There are still serious challenges mainly caused by a lopsided healthcare financing system which a majority of our people cannot afford, and without NHI, the burden of disease in the country will not be reduced because the majority of the population, mainly those suffering the greatest ill health, will not access good quality healthcare.
In principle, healthcare in our country is a human right as stated in our constitution, and should not be dependent on how rich one is or where they live.
With the medical aid scheme having come out publicly against the NHI as financially unsustainable and impractical, it them is insignificant for them to be given the custodianship role over it implementation as they would obviously work towards sabotaging its implementation.
After so many years of theorising on the NHI, we need to see its implementation program in line with the footsteps clearly outlined in its White Paper.
We call for the immediate process of amending legislation to prepare its implementation, the amendment of the National Health Act and the Medical Scheme Act to be in line with the NHI requirements, the finalisation of the estimated costs, followed by the immediate mobilisation of resources for in stages and the accreditation of facilities and service providers in ensuring quality care is provided in rolling out the service.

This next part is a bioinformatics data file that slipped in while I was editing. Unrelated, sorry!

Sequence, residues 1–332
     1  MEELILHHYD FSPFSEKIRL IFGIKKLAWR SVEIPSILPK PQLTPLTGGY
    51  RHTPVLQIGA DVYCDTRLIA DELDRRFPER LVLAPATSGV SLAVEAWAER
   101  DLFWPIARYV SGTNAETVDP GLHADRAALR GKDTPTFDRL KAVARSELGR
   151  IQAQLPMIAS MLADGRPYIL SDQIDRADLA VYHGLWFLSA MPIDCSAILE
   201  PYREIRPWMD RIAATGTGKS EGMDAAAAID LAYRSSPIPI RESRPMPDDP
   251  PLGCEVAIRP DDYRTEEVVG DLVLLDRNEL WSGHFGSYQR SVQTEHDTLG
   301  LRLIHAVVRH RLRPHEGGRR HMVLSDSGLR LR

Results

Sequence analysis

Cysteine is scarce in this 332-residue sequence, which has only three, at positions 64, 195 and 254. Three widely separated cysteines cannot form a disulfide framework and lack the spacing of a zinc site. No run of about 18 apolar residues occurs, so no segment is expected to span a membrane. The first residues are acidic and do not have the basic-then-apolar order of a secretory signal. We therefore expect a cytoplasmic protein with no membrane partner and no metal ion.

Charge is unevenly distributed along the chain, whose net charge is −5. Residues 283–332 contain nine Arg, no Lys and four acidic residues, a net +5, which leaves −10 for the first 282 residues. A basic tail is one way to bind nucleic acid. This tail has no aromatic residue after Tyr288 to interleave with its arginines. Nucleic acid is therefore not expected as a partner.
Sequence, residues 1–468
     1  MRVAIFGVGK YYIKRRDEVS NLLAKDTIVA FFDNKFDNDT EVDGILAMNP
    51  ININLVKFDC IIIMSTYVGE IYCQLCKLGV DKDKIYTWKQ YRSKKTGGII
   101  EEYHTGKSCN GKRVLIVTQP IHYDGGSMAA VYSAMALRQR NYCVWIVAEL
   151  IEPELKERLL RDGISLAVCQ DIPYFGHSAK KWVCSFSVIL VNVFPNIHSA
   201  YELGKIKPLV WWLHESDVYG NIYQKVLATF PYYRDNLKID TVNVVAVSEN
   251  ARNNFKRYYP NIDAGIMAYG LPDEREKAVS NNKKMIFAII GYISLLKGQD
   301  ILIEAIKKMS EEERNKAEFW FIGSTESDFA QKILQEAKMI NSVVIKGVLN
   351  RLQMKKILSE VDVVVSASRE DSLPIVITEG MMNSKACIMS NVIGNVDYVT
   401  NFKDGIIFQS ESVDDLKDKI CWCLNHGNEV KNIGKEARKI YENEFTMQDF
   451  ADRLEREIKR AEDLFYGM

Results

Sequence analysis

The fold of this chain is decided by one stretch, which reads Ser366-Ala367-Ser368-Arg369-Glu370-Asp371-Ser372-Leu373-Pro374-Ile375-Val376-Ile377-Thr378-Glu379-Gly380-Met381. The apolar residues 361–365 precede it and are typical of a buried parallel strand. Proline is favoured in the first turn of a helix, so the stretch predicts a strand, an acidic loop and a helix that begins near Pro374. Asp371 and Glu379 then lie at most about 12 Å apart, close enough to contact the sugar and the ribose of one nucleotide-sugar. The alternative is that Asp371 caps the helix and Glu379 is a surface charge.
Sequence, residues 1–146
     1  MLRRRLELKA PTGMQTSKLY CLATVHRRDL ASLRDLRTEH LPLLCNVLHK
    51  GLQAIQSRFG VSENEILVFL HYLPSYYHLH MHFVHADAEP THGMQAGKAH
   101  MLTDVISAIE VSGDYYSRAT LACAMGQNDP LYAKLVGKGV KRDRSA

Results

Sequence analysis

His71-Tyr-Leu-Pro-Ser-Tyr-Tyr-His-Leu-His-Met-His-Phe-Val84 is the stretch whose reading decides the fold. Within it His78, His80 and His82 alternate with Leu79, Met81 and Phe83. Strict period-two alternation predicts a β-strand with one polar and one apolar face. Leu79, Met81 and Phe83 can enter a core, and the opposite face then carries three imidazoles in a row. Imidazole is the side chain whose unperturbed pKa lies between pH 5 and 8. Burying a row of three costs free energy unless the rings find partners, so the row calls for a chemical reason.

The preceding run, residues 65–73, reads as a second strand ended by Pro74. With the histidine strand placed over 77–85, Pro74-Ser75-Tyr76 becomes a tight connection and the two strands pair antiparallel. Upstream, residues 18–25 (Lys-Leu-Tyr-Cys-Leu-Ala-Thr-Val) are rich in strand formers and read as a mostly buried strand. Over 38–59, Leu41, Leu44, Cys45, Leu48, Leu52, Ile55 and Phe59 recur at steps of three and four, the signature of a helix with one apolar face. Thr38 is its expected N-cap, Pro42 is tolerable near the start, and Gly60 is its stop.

POPCRU will mobilise other concerned organs and march to parliament early next year to demand for the speedy implementation of the NHI
8. On the upcoming ANC National Congress
Through the lengthy discussions that have taken place over a period of time, with consultations to our structures, the CEC resolved that we will fully support the ANC Deputy President Cyril Ramaphosa to take over as the President of both the ANC and the Republic of South Africa.
Issued by POPCRU on 05/11/2017